# How to show that two vertices in a connected component are in the same set? (bi conditional)

Show that after all edges are processed by CONNECTED-COMPONENTS, two vertices are in the same connected component if and only if they are in the same set.

The CONNECTED-COMPONENTS algorithm is the following: It seems pretty obvious that when we keep adding the vertices of the direct edges of a connected component to a set, eventually the set formed has all the vertices in the connected component - directly connected as well as indirectly connected. But how do I formally prove that? Also it seems like a biconditional to me. I've thought of things like loop-invariant or a proof by contradiction. But unable to exactly figure out what to do. Any help is appreciated.

• Think about what it means for two nodes to be connected... We already know that if two nodes are adjacent they're in the same set, so what does that tell us about nodes in the same connected component? Aug 2 '16 at 6:54
• @TomvanderZanden They are reachable or indirectly connected. They are adjacent to a node which is adjacent to a node and so on till a node which is in the set. Am I correct? If so, how to I "formally" present it? Aug 2 '16 at 15:01

Below are two approaches to your problem.

# detailed semi-formal proof

Since you've provided a minimal context, I will state my assumptions then provide a solution. Moreover, I will use very basic loops rather than the fancy for-each loop since they are easier to prove correctness with ─more accurately, easier for me with my current knowledge.

1. We are assuming simple undirected graphs: ie., pairs (V, E) of a set V of vertices and a symmetric relation E ⊆ V × V.
2. Two vertices are “connected” precisely when there is a path along E between the two: x ~ y ∶≡ (∃ n : ℕ • x Eⁿ y) ─where the bullet serves to separate the bound variable of the quantifier and the body of the quantifier, and exponentiation is iterated relational product.
3. A “connected component” is a subgraph in which any two vertices are connected, and which is connected to no additional vertices in the supergraph. For our needs, we only consider connected components arising from subsets of vertices.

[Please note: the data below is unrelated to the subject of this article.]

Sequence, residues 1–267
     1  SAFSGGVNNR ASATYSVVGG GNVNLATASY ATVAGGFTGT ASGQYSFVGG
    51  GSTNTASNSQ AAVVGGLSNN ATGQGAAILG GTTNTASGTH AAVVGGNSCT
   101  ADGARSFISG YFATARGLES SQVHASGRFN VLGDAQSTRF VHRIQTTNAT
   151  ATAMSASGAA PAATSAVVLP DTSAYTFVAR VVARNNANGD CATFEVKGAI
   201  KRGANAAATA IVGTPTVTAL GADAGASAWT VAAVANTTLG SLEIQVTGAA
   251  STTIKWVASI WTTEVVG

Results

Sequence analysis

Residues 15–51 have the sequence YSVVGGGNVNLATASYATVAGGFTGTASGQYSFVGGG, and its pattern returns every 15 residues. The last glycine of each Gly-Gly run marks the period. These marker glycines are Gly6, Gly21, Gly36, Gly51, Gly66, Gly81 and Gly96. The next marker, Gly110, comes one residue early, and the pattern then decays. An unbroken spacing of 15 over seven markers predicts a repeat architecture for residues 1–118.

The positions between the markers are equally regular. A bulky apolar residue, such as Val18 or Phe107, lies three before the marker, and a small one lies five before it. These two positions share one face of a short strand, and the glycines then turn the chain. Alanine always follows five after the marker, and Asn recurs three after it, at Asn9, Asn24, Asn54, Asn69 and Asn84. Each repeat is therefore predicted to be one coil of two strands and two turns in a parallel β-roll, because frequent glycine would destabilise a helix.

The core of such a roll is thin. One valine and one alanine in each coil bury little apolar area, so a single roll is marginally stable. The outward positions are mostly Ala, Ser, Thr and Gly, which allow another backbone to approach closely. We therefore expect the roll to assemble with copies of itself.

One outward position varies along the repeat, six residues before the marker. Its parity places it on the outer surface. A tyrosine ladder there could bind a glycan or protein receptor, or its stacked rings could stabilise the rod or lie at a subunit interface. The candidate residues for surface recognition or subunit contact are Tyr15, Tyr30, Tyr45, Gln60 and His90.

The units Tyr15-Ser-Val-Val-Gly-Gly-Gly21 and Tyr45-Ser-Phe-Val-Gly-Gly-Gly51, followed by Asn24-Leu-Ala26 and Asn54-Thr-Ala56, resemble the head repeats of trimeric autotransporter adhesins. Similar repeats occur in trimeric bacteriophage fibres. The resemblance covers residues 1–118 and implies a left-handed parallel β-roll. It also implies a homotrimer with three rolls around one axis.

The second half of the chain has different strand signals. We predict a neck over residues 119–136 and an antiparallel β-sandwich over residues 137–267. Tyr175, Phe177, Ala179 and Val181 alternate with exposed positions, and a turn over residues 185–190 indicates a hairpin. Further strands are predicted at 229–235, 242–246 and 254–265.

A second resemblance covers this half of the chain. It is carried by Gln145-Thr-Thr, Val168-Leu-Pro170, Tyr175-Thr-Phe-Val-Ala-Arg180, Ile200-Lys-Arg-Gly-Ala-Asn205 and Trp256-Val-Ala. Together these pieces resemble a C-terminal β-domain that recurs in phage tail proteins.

𝒞 connected-component
⇔ (∀ x,y : 𝒞 • x ~ y) ∧ (∀ 𝒟 : ℙ V • 𝒞 ⊆ 𝒟 ∧ (∀ x,y : 𝒟 • x ~ y) ⇒ 𝒞 = 𝒟)
⇔ (∀ 𝒟 : ℙ V • (∀ x,y : 𝒟 • x ~ y) ∧ 𝒞 ⊆ 𝒟 ⇔ 𝒟 ⊆ 𝒞)
⇔ 𝒞 is an ~-equivalence class


Note that ∧ means “and”.

4. Make-set assigns the emptyset ∅ to each vertex, in some look-up table. We assume this to be the case at the very beginning and so need not worry about it.

Find-set looks up the set that is associated to a vertex, in the aforementioned look-up table.

Union(x,y) alters the set associated to x by unioning it what the set associated to y, and does so as well for y. In particular, after this command we have Find-set x = old-Find-set x ∪ old-Find-set y.

1. The post-condition of the program is

∀ x : V •
Find-set x = {y : V ❙ (∃ x₀,…,xₙ : V • x = x₀ ∧ xₙ = y ∧ (∀ i • xᵢ E xᵢ₊₁))}


i.e.,

∀ x : V • connected-component (Find-set x)


That is, the algorithm assigns the connected components to the associated sets of the vertices. Alternatively, it is: Find-set x = the ~-equivalence class of x.

2. From the post-condition,

  ∀ x : V •
Find-set x = {y : V ❙ (∃ x₀,…,xₙ : V • x = x₀ ∧ xₙ = y ∧ (∀ i • xᵢ E xᵢ₊₁))}


The simplest thing to do is to replace a constant, say E, with a new variable, and relate it to the constant to obtain an invariant.

P ∷ 𝓔 ⊆ E  ∧
(∀ x : V •
Find-set x
= {y : V ❙ (∃ x₀,…,xₙ : V • x = x₀ ∧ xₙ = y ∧ (∀ i • xᵢ 𝓔 xᵢ₊₁))})


So it is obvious that the post-condition is obtained once we've arrived at the conclusion E ⊆ 𝓔. So a good idea is to increase 𝓔 until this condition is true. Moreover, the invaraint needs to hold before the loop and we can do this by setting 𝓔 ≔ ∅: indeed ∅ ⊆ E and intially every vertex is assigned the emptyset which is what is needed since,